Blocking Molecule Evident in Excess in MS Patients Treats Mice with SPMS-like Disease, Study Reports
Blocking a molecule that is overly abundant in the nervous system of multiple sclerosis (MS) patients, and has been linked to nerve cell damage in animals, worked to significantly ease inflammation, demyelination, and neurodegeneration in mouse models of secondary progressive MS (SPMS), a study reports.
Treatment to inhibit this molecule also helped the SPMS mice recover damaged neural networks and motor ability.
The study “Inhibiting repulsive guidance molecule-a suppresses secondary progression in mouse models of multiple sclerosis” was published in the journal Cell Death & Disease.
Earlier research demonstrated that repulsive guidance molecule-a (RGMa) is overabundant in the central nervous system of MS patients. This molecule is expressed at the cell membrane and is critical for the formation of neural networks, but it also works to inhibit nerve fiber (axon) growth and affects immune regulation.
Studies done in mouse models of MS showed that RGMa contributes to the progression of MS-like disease, promoting inflammation and nerve cell death. Importantly, treating these animal models with an antibody that blocks RGMa was seen to ease disease manifestations.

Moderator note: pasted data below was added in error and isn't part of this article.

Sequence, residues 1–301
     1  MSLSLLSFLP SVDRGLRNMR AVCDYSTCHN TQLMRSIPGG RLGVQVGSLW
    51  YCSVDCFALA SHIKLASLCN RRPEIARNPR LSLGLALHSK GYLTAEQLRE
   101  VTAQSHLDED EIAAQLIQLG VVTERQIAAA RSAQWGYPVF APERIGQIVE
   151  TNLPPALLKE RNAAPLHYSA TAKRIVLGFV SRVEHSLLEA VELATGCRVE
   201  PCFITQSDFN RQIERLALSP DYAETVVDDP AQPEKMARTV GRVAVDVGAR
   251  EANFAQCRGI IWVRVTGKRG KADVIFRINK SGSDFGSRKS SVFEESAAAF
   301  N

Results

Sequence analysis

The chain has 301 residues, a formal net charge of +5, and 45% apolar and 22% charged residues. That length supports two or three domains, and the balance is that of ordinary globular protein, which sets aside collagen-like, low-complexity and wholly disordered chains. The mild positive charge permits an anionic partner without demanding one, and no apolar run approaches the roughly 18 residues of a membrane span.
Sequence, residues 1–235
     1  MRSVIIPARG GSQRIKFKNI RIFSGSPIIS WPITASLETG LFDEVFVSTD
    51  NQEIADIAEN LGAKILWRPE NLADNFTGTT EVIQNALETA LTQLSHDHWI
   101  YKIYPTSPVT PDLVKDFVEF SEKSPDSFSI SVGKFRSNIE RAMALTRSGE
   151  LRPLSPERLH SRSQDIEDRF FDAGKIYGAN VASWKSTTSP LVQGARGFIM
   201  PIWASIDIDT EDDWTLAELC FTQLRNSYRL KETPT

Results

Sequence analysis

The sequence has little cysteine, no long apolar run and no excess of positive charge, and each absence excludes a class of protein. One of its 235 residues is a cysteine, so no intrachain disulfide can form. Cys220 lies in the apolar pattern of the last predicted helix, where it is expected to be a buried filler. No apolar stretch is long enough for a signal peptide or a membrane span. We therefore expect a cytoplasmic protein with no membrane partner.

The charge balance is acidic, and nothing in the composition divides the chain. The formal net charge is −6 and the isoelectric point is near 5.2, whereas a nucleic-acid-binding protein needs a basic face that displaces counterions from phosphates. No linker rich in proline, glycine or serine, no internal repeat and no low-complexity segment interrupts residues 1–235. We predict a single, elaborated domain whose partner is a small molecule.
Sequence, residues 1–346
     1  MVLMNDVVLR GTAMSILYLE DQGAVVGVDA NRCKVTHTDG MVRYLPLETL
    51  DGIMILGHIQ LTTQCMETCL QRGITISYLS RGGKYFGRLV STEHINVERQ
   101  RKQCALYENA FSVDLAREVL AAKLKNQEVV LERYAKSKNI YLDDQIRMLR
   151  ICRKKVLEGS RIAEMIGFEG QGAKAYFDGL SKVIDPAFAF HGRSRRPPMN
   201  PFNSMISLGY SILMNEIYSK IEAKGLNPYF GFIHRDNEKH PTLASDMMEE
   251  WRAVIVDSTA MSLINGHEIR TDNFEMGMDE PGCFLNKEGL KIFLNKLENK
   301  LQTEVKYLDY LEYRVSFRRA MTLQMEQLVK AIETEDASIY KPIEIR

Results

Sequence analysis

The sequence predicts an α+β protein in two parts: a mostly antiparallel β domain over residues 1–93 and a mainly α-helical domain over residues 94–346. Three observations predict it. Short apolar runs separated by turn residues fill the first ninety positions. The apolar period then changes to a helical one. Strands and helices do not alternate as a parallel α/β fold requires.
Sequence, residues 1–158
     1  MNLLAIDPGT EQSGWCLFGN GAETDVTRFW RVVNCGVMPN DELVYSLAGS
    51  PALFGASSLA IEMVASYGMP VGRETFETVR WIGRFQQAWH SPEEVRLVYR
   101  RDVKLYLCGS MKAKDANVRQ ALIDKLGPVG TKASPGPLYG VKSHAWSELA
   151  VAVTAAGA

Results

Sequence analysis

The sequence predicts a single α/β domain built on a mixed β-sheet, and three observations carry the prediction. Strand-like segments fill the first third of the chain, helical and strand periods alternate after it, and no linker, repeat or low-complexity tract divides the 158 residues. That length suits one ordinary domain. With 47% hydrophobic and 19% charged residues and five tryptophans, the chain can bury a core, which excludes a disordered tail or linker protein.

Based on this knowledge, a team of researchers at Osaka University, in Japan, wondered if this treatment would also confer benefits in mouse models of SPMS.
The researchers used a mouse model of SPMS — the non-obese diabetic mice with experimental autoimmune encephalomyelitis, the NOD-EAE model “that closely resembles SPMS,” they noted.
Mice were divided into three groups: two treated intravenously with a humanized antibody targeting RGMa at two different doses, and one given a related antibody with no therapeutic effect to serve as controls.
Results showed that the humanized anti-RGMa antibody was able to decrease the expression of RGMa in the spinal cord of the mice, and reduce the proportion of mice with disease progression. Microscopic analysis of spinal cord tissue also showed that anti-RGMa suppressed inflammation, reducing the infiltration and activation of immune cells, and prevented the loss of myelin (demyelination) and death of nerve cells.
“As [an] impaired neural network is responsible for the neurological symptoms under SPMS,” the researchers investigated if anti-RGMa enhanced the regeneration of the neuronal network, leading to functional recovery.
They saw that anti-RGMa antibody treatment promoted a significantly faster motor recovery in mice with spinal cord injury. This positive outcome was linked to the antibody’s ability to trigger axonal sprouting in response to the injury — the growth of nerve fibers that help regenerate the damaged tissue and re-establish neuronal networks.
Overall, the team concluded that the “humanized anti-RGMa antibody prevented the progression of motor deficits in NOD-EAE by suppressing inflammation, demyelination, and neurodegeneration. Moreover, it promoted the functional recovery presumably by promoting the axonal rewiring.”
According to the researchers, “RGMa is implicated in not only inflammation, but also neurodegeneration and neuroregeneration in MS. Thus, humanized anti-RGMa antibody is expected to be the effective treatment for SPMS.”